“No, you mustn’t—”
“Why, Mariel? Tell me why.” His voice rose. “You are my beloved wife. I know you welcomed me with a woman’s passion, in Cuba, during the storm. What has happened? Why have you turned away from me?”
His voice was strained from the pain blooming in his heart. “I want you. I desire you as I’ve desired no other woman. I will be gentle. I promise. I will make you soar with the eagles. Mariel…”
She put her hands on his chest and pushed.
His heart squeezed, and he held her tighter. Her struggles reminded him of a bird trapped under a cat’s paw. It was a cruel comparison, but he meant her no harm. He only wanted her to realize what she was throwing away.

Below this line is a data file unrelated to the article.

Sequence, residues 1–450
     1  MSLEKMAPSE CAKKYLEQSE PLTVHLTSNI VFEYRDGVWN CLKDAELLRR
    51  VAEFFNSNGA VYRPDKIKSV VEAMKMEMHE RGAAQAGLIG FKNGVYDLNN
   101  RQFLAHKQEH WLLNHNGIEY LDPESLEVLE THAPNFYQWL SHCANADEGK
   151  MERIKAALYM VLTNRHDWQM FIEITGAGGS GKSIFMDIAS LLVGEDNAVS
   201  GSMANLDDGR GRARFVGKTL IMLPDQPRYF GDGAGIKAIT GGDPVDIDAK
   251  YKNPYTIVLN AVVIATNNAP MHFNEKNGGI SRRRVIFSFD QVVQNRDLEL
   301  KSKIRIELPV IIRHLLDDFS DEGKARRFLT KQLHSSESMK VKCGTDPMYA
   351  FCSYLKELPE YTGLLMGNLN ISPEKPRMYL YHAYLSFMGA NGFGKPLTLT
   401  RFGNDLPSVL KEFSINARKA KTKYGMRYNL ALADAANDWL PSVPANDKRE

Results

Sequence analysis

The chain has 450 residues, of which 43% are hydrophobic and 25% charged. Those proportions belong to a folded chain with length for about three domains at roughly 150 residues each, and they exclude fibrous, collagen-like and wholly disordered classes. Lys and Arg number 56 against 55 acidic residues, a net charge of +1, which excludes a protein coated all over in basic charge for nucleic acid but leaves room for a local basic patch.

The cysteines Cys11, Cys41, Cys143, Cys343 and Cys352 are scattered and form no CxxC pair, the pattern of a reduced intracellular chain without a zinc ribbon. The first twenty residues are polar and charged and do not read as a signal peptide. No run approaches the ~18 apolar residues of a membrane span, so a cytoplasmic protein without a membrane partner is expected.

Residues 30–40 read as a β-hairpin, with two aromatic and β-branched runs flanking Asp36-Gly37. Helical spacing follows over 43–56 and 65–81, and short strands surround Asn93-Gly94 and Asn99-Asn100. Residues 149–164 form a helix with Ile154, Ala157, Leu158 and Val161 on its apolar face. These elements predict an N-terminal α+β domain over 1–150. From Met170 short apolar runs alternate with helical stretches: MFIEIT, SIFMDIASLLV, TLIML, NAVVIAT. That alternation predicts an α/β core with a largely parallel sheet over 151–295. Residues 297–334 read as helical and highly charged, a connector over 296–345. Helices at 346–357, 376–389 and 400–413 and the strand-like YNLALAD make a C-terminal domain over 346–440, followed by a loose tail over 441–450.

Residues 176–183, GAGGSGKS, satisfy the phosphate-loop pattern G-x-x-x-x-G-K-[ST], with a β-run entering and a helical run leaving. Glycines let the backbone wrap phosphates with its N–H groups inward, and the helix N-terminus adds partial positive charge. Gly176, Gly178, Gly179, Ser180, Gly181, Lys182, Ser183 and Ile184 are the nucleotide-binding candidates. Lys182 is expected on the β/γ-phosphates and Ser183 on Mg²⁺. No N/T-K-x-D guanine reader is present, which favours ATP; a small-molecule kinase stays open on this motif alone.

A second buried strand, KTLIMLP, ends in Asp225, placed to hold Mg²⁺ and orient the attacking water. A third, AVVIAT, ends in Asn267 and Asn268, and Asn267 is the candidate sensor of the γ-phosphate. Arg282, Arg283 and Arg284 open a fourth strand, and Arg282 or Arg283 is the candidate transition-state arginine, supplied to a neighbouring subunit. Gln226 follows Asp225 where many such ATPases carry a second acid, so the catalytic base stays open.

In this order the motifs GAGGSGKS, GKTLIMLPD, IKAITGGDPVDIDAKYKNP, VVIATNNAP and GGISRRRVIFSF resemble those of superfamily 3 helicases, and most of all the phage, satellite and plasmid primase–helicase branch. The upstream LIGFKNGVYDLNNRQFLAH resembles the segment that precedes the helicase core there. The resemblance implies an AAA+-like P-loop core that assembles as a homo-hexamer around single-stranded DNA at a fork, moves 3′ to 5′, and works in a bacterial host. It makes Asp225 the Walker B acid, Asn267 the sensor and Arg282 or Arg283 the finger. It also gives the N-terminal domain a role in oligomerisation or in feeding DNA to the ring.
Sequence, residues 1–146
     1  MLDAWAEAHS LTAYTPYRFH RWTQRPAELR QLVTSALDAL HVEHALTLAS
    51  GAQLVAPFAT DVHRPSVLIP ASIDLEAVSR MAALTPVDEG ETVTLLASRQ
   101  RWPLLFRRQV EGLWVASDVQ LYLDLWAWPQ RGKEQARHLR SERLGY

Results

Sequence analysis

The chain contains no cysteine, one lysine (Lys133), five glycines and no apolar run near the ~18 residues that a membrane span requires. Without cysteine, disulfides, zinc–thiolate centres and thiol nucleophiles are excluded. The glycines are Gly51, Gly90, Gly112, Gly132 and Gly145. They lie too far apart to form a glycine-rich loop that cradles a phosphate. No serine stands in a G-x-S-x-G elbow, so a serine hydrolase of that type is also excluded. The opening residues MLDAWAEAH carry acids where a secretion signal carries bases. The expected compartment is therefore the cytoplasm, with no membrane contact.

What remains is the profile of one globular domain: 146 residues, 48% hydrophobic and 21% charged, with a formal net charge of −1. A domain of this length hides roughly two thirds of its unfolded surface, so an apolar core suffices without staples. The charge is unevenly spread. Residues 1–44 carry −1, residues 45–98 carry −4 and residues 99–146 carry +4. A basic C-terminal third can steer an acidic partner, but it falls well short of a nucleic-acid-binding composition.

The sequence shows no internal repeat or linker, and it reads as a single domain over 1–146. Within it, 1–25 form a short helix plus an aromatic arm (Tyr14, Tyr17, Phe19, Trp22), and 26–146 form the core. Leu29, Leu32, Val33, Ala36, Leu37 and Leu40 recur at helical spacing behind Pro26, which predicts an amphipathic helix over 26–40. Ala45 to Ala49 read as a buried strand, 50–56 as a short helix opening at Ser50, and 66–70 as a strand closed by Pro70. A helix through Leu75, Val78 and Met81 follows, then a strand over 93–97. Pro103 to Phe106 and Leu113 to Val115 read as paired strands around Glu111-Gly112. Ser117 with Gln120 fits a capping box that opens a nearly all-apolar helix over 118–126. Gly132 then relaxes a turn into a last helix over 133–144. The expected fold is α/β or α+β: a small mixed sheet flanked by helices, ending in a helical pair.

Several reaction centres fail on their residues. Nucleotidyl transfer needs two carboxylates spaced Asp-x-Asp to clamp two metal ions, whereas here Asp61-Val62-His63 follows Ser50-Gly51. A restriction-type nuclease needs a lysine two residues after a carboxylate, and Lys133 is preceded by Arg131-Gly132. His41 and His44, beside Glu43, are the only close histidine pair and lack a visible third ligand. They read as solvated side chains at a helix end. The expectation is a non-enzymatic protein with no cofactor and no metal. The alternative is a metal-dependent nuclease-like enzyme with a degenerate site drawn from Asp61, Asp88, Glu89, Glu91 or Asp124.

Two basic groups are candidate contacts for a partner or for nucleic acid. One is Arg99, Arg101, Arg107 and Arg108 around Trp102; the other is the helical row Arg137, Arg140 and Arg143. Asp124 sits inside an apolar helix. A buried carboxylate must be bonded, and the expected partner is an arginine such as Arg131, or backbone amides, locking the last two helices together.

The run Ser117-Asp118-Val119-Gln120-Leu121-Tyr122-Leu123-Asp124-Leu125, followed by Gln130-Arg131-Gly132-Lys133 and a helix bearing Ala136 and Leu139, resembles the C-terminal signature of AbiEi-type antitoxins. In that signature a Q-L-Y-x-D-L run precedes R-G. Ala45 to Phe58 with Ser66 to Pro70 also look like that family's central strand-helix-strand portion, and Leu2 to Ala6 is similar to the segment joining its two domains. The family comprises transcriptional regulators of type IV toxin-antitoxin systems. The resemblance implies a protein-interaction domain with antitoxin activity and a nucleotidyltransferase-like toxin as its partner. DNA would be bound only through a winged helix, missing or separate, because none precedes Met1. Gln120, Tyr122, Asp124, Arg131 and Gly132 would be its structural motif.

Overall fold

She took a deep breath. “Por favor, Antonio, let me go.”
“Not until you tell me why.”
“I’ve told you. If you were a gentleman…” She shot him a sharp glance, damning him with the look in her eyes.
He laughed, but his laughter held no joy. “I’m not a gentleman. Explain to me again.”
“No, I won’t! It’s too humiliating. I’m afraid. I told you before. If you really care for me, you’d try to understand. It should be explanation enough.” She flattened her hands against his chest, pushing again. “Let me go.”
“Por Dios, I’m your husband, damn it! I have every right to hold you in my arms.”
“Sí, and I’m your wife but not because I wished it! My father and you forced this marriage against my will. There, I’ve said it,” she spat at him. “Can’t you leave me in peace?”
He let his arms drop, releasing her. “This isn’t about your fears of the marriage bed. Is it? It’s about Enrique. Isn’t it? You still believe you love him. Don’t you?”